Islamic text calls for election boycott

    BRUSSELS – A French-language document is circulating in Brussels and on the internet calling on Muslims to boycott the elections on 10 June because they are “illegal,” Le Soir reports. The 12-page document is titled “Participer aux elections” (Taking part in the elections) and is being distributed among the Arab Muslim community in Brussels and online. The document states that only Allah has the authority to make absolute laws. “Every Muslim who takes part in the elections is unfaithful,” the text reads. The text is anonymous, but well written, Le Soir writes. The author makes reference to the Koran and various prophets and is based on a fatwa from Great Britain.

    Muslim Politician Is Messenger of Change

    By Manfred Ertel In Denmark of all places — the country with Europe’s toughest immigration laws — a Muslim member of parliament has become a rising star on the political scene. Now he wants to shake up traditional Danish politics with his new party. Is this the kind of man Danish voters are pinning their hopes on? The sort of man who is causing an upheaval in the calcified political atmosphere between _rhus and Copenhagen? He is casually dressed, and his black hair and bronze skin reveal his Arab roots. He also happens to be a Muslim. Naser Khader, 43, sits in his makeshift office in Copenhagen’s old town surrounded by boxes, laptops and loose cables. “It was so boring here, with absolutely nothing going on,” he says. “I am very pleased that we have managed to get some movement into politics.” He is putting it mildly. Since Khader announced the establishment of his party, the New Alliance, more than two weeks ago, a debate has erupted of the sort that Denmark hasn’t seen in years. Some of the issues on the new political agenda in Copenhagen include a radical 15-percent tax cut (a proposal that was quickly discarded) and a relaxation of the country’s stringent immigration policies.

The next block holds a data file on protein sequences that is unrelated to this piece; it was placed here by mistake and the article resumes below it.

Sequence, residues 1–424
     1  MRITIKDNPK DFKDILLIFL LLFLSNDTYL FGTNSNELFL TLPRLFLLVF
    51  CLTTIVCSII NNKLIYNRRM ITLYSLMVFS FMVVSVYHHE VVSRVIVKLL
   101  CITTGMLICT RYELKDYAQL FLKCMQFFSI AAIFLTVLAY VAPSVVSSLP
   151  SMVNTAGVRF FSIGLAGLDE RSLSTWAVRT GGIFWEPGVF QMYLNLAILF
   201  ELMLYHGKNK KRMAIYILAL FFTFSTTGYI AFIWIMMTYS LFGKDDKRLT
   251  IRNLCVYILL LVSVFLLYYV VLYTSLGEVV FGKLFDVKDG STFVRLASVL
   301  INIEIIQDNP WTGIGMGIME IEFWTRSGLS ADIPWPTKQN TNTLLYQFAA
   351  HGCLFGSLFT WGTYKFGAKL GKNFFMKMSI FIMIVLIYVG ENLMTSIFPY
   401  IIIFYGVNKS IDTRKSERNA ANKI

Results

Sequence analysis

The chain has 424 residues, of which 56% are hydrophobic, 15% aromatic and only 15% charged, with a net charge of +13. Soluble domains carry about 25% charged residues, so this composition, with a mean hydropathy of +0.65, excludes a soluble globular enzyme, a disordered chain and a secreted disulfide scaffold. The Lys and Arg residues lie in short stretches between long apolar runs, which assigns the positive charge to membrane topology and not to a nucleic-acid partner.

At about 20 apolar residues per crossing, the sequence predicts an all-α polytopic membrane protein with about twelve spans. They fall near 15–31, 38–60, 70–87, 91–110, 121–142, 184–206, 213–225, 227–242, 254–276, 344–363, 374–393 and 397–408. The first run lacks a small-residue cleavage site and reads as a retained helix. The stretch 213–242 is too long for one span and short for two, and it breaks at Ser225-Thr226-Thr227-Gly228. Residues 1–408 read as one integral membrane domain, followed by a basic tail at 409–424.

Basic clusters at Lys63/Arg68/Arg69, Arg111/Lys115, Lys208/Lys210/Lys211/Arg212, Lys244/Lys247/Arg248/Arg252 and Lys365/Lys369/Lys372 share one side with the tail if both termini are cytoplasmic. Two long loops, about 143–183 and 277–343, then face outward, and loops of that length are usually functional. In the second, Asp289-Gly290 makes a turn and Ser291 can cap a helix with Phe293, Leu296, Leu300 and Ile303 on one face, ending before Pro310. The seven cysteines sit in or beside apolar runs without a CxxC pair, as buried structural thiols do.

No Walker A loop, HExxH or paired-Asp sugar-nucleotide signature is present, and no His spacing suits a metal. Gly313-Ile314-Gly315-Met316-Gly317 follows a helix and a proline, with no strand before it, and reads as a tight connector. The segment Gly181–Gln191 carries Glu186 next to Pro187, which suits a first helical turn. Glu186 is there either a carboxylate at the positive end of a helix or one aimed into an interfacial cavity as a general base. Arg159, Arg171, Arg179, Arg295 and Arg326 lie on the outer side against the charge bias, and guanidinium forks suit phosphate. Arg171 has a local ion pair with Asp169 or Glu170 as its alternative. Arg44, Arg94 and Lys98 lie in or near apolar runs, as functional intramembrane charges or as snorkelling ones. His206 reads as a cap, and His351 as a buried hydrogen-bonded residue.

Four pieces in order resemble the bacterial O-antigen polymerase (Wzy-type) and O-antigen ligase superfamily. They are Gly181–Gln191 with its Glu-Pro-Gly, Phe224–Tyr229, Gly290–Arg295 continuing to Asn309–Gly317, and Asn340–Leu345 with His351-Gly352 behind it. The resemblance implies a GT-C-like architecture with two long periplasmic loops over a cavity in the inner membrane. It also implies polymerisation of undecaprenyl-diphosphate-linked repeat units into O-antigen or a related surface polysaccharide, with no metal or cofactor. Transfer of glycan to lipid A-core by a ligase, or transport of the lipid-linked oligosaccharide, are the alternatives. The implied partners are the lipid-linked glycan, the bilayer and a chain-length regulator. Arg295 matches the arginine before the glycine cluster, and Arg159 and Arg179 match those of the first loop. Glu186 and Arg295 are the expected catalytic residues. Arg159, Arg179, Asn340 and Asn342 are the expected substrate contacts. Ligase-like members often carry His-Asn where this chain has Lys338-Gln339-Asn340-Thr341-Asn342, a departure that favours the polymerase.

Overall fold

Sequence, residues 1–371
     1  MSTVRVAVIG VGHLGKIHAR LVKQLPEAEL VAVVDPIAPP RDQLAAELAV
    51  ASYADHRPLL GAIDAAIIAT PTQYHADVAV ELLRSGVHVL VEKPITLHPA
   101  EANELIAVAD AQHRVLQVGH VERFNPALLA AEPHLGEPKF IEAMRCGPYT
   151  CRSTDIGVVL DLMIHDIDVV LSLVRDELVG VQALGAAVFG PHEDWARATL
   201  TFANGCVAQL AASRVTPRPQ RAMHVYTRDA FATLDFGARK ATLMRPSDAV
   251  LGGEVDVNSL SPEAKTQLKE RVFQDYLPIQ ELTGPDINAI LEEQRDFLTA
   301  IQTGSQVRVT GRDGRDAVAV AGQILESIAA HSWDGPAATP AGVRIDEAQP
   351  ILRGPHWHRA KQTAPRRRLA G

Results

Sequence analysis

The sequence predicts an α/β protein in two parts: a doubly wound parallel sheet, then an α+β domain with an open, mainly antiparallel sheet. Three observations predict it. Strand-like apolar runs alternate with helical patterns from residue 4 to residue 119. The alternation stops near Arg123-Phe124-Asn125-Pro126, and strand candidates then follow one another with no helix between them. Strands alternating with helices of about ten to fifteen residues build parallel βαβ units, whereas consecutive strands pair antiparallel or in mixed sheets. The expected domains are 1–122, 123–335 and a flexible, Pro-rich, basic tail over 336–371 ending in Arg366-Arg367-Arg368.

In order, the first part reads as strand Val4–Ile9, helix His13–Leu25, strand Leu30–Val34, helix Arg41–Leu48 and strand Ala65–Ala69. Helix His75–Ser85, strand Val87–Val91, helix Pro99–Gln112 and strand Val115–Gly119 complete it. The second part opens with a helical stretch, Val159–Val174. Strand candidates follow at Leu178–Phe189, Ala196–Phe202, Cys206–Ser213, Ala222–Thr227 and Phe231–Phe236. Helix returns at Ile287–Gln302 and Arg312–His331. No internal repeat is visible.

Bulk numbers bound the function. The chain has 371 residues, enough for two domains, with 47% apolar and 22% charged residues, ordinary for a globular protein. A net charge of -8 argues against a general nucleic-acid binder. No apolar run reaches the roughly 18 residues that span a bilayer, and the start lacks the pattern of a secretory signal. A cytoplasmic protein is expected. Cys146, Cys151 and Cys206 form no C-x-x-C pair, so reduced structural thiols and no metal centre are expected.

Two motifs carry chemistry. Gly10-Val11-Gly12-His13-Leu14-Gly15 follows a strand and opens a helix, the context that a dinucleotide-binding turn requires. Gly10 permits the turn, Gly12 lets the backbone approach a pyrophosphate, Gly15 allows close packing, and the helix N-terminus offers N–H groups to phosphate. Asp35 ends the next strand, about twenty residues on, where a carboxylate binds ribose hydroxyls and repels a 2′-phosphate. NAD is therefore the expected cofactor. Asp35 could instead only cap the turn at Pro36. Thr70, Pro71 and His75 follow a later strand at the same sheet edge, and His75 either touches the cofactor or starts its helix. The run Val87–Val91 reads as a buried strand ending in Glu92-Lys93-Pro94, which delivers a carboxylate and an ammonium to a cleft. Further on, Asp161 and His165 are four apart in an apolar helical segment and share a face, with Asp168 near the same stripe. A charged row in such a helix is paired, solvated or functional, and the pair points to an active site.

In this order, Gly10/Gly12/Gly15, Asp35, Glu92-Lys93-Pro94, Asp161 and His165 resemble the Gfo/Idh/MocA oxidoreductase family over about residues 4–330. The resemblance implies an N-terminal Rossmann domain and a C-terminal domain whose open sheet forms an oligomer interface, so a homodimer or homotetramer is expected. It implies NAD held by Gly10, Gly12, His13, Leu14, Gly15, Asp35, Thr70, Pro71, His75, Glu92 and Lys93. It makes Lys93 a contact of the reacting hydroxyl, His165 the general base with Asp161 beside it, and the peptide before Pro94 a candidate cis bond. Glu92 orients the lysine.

Campus extremism request rejected

    By Hannah Goff {Lecturers have voted unanimously to oppose government plans urging them to fight against extremism on campuses.} They had been asked to monitor and report suspicious behaviour amongst Muslim students. But at the University and Colleges Union annual conference in Bournemouth, delegates rejected the demands, saying they amounted to spying on students. UCU general secretary Sally Hunt said student trust would be undermined by fears of a “quasi-secret service”. In November, the government warned of what it described as the serious threat posed by radical Muslims and issued guidance to colleges and universities calling on them to monitor student activity.

    The Catalan Islamic Council Warns of the Dangers of Connecting Politics and Terrorism

    The Catalan Islamic Council claims that the overlap between politics and so-called Islamic terrorism in Catalonia and the association of Islam and violence by authorities foments the radicalization of the youth sectors of the Islamic community. The Catalan Islamic Council’s president, Abdennur Prado, believes that the declarations of a police syndicate group stating the proliferation of jihad’s groups in Catalonia were very irresponsible. He adds that the fight against radicals has to be more discrete and the law enforcement has to be harsher.

    Blair, Pakistan PM to open conference on Islam